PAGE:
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Published:April 18th, 2008 12:43 EST
Exploring Venice

Exploring Venice

By Ana P.

Last weekend, I decided to make a trip to Venice. The reason for my short visit was my curiosity about this north Italian city along the Adriatic Sea, described by so many contradictory statements. While some people discribe it as “romantic” with its more than one hundred small islands and saltwater lagoons, others find it gloomy-- especially because of the ruinous buildings. It’s true that the pigeons contribute in their way to the putrid appearance of some places. The rumors saying that Venice will sooner or later sink do not add to its’ reputation either. However, this rumor shouldn’t keep one from taking a closer look at the city. In contrary, it is advisable to visit Venice, before it might be too late!

I was warned by friends, who have been in Venice before, that a lot of  tourists get lost on their way through the narrow lanes. I have to agree that it’s hard not to get lost in the labyrinth of alleys, lanes, corners and canals. But getting lost isn’t that bad at all, when one can find a rich mixture of Gothic and Renaissance architecture around almost every corner. Still, what I find truly special about Venice, is the fact that the Gondolas, water taxis, are the major means of transportation. Instead of ear-piercing motor noices, all one hears is the water splashing, as the water taxi guides its way through the lagoon. I have to admit that this method of transportation is not necessarily enjoyable for people suffering of sea sickness. But since Venice is rather small, with a population of approximately 270,000, the journey on water normally lasts no longer than twenty minutes and is, therefore, endurable.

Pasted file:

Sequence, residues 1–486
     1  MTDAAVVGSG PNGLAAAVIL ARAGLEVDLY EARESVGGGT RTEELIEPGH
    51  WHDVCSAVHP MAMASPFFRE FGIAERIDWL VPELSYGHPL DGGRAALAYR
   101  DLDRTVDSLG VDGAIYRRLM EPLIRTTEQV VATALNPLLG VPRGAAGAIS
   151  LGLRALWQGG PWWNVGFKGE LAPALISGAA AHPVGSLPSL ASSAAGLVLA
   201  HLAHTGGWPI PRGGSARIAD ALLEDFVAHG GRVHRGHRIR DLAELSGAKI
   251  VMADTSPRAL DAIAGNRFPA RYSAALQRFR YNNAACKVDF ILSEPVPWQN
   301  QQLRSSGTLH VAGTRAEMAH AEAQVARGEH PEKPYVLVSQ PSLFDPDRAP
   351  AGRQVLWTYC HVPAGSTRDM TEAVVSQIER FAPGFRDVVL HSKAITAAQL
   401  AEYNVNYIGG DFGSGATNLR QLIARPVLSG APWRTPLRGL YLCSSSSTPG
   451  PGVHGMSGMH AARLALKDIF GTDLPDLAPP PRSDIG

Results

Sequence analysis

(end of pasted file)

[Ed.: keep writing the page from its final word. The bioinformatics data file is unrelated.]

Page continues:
As for touristic attractions, most known is the Piazza San Marco, or St. Mark’s Square, which is the principal square of Venice. This square is now the seat of the archbishop and originated back in the 9th century.

Also worth a visit is the Doge’s Palace located in the St. Mark’s Square. This masterpiece of Venetian Gothic architecture was originally the residence of the so-called “Doge of Venice, the chief magistrate of Venice. The Palace has gigantic walls made of white limestone, as well as a series of beautiful balconies and a crenellated roof. Its decoration is also very impressive: The capitals of the colonnade have carvings of flowers and beasts. Among the more than two hundred palaces in Venice, Doge’s Palace is most known and definitely worth a visit.

Apart from beautiful palaces, Venice is also known for its annual Carnival celebration. The Venetian Carnival has a long tradition, its origins tracking back in 13th century. Something that makes Carnival so special in Venice is the variety of colorful masks worn at this event. They enable people to hide their true selfs and to take on a new identity. It is said that the famous womanizer Casanova was a big fan of the Venician Carnival. Duing Carnival, which usually starts at the end of January, people experience a blend of music, theatre and parades on the streets.

Overall, seeing Venice left a permanent impression on me, and I can only recommend to anyone to experience the unique charm of “Lagoon City.”